First a hint...

Do these three things:

1. Prove f(n) ³ n for all n

2. Suppose f(n)=n for some n and derive a contradiction.

3. Suppose there is an n with f(n)=n+k some k ³ 2 and find a contradiction.

STOP READING HERE IF YOU WANT TO TRY THIS YOURSELF!

**1. Proof that f(n) ³ n for all n**

f(1) ³ 1 because f goes from Z+ to Z+

if f(k) ³ k then f(k+1) > f(k) ³

k, so f(k+1) > k, so f(k+1) ³ k+1

**2. Proof that f(n)>n**

Suppose an n exists such that f(n)=n

f(n-1) is strictly smaller than n, and f(n-1) ³

n-1 (from th. 1) so f(n-1)=n-1

So all numbers k < n have the property that f(k)=k.

In particular f(1)=1, so

f(2) = f(1+f(1)) = f(1)+1+1 = 3, and

f(3) = f(2+f(1)) = f(2)+1+1 = 5, but

f(4) = f(1+f(2)) = f(1)+2+1 = 4, so f is not strictly increasing,contradicting the assumption that f(n)=n, and thus proving that f(n)>n

**3. Proof that f(n) £ n+1**

Suppose f(n)=n+k, where k ³ 2 and n is a positive integer

Since f is strictly increasing, it follows that

(stmt 1) for all p ³ n, f(p) ³

p+k, and

(stmt 2) for all q £ n, f(q) £

q+k

f(1+n+k)=f(1+f(n)) = f(1)+n+1 ³ (1+n+k)+k by

stmt 1, above

so f(1) ³ 2k, contradicting stmt 2

Together, 1, 2, and 3 show that f(n)=n+1

So f(2003)=2004

**Sasha explained it more simply:**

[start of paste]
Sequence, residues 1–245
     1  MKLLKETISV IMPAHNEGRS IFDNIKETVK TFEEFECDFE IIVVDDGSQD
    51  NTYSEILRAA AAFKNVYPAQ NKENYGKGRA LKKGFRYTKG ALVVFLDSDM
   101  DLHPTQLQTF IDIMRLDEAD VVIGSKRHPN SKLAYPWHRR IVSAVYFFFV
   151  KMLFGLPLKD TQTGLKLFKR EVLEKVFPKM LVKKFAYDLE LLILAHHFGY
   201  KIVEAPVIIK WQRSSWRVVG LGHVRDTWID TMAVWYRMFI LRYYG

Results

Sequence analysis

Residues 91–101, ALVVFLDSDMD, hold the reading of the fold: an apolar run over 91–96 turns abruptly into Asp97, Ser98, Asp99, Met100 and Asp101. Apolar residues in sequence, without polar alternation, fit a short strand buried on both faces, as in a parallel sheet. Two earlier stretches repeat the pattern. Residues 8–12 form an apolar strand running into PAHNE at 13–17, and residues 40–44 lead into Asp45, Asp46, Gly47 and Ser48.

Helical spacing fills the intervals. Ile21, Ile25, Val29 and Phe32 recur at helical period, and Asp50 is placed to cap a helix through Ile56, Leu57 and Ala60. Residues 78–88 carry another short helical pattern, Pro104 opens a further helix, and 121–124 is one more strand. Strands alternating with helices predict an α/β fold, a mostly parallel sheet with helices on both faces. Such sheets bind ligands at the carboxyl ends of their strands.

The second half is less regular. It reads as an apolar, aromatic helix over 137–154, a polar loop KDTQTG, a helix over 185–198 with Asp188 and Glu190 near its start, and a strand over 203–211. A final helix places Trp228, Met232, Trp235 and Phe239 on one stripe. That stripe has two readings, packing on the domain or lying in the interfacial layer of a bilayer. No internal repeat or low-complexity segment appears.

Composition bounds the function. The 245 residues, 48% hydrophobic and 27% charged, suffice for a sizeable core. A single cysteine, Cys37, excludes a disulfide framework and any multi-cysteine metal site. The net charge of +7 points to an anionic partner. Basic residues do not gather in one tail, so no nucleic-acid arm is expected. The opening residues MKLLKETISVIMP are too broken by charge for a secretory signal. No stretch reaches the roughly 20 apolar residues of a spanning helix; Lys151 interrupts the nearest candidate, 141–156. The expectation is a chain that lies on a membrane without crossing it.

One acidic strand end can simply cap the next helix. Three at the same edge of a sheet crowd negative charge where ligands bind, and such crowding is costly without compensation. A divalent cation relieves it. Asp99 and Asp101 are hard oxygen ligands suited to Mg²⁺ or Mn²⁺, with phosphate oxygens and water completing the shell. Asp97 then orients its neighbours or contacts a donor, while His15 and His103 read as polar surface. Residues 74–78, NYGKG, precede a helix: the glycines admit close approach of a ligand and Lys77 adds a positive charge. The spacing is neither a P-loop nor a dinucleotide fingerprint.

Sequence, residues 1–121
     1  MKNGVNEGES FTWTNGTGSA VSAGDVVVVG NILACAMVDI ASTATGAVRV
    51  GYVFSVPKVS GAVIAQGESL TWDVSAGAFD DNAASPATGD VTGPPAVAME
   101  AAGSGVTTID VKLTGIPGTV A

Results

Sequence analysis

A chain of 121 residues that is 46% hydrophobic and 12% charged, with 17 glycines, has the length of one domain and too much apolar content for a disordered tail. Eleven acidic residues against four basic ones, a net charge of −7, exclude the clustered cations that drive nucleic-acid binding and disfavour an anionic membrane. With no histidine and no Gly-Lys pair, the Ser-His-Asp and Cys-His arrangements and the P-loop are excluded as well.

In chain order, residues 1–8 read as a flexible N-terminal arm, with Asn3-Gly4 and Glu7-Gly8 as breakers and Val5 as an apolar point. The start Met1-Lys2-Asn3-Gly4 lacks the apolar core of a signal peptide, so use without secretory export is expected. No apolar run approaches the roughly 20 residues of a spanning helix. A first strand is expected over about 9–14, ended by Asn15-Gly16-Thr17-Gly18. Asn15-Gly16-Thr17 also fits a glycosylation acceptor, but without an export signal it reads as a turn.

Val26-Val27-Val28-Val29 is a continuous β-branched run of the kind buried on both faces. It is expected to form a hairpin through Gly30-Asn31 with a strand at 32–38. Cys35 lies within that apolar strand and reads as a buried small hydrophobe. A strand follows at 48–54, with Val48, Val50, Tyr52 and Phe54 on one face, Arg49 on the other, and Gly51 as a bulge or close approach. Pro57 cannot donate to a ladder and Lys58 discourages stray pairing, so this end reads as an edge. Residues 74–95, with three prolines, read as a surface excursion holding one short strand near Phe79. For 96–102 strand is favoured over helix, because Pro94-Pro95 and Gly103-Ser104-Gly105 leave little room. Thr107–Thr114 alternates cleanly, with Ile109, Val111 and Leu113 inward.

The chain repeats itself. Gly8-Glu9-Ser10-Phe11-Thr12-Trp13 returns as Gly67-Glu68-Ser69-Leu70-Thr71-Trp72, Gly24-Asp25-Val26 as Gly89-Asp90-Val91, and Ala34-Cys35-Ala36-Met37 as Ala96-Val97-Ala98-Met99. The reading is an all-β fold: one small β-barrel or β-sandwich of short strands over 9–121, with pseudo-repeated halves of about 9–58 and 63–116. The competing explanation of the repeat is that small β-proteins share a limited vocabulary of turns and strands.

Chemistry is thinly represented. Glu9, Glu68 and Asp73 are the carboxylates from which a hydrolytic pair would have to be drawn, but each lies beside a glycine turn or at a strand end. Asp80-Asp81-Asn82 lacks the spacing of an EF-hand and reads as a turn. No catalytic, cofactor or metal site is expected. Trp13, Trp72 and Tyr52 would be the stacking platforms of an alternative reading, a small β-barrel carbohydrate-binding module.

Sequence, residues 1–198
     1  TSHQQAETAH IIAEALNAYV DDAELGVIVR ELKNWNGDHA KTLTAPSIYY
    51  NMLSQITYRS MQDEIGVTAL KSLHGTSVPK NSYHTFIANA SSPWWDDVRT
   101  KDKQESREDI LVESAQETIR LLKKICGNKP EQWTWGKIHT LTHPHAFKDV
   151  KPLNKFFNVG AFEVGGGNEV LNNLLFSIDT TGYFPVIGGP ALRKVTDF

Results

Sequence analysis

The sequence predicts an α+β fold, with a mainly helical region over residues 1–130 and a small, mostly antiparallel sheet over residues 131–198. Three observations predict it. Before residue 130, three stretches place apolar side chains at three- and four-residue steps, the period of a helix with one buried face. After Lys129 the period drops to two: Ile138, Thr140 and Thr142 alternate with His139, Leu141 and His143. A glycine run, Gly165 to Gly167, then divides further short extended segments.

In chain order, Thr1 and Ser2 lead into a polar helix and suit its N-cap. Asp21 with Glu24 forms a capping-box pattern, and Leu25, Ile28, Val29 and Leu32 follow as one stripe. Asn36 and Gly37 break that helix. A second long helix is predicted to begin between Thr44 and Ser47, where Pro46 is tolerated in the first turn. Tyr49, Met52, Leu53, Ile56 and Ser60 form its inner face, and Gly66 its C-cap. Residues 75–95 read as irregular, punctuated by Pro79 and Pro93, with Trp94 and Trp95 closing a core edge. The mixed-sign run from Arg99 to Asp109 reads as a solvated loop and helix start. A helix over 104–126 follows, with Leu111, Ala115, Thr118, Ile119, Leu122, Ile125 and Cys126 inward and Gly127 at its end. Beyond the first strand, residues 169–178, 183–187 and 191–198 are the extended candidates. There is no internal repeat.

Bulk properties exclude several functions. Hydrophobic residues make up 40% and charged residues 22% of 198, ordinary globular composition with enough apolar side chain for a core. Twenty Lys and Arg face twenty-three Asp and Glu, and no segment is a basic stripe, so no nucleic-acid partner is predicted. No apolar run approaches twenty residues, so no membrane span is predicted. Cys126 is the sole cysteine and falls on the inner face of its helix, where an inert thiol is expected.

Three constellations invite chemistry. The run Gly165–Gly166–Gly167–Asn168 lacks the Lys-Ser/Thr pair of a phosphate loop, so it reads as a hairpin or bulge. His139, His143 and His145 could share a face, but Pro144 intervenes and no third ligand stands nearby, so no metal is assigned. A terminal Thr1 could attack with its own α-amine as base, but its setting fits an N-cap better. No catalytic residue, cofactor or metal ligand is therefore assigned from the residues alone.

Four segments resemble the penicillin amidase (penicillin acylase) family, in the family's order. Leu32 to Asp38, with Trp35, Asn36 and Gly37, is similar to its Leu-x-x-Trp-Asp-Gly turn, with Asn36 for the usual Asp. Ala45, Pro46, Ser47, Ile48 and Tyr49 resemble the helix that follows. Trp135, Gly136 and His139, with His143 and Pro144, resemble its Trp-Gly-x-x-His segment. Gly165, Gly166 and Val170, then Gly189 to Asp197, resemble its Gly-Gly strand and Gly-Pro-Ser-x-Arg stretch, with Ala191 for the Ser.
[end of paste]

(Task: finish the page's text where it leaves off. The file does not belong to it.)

Let f(1)=x, where x is a particular positive integer.

f(1+f(1)) = f(1+x) = f(1)+2 = x+2

It's clear that x is not equal to 1 [convince yourself by calculating

f(2)=f(1+f(1)), f(3)=f(2+f(1)), and f(4)=f(1+f(2))]

Since f(1)=x and f(x+1)=x+2, and since x is between 1 and x+1, it

follows that f(x)=x+1.

Since x is the smallest value that f can take on, x+1 is the second-smallest value that f can take on. Together with the fact that f(x)=x+1, we conclude that x=2. In other words, f(1)=2. We also know that f(2)=3.

If k is any positive integer, then f(k+2) = f(k+f(1)) = f(k)+2

This, together with the facts that f(1)=2 and f(2)=3 (which we also learned, above), it follows by induction that f(k)=k+1 for all k.

**Lee has a clever approach:**

From the first rule of the problem, we deduce the following fact:

If f(a) - f(b) = 1 then a-b=1

Do you need a proof? Here it is...

Suppose a-b > 1. Then there is a number, c, with b < c < a, and f(b) < f(c) < f(a), but this is impossible because there is no integer between f(b) and f(a).

Suppose a-b = 0. Then a=b so f(a)=f(b), another contradiction.

Suppose a-b < 0. Then a < b, but f(a) > f(b), contradicting rule 1.

Having reached contradictions for all situations other than a-b=1, it follows that a-b=1.

From the second rule of the problem, we know the following:

(1) f(n+f(n)) = f(n)+n+1

(2) f(n+f(n-1)) = f(n)+n

Combining 1 and 2, we see that f(n+f(n)) = f(n+f(n-1)) + 1, so

n+f(n) - (n+f(n-1)) = 1, so

(3) f(n) - f(n-1) = 1

Now if we only knew what f(1) was, then we would know the value of any f(n). Lee has a clever way of getting this, too.

Let p = 1+f(1). Then from (1), we get f(p)=p+1.

From (3), we get f(p-1)=p.

From (3) again, we know this: If f(p-k)=p-k+1, then

f(p-(k+1))=p-(k+1)+1, and by induction we get f(1)=2.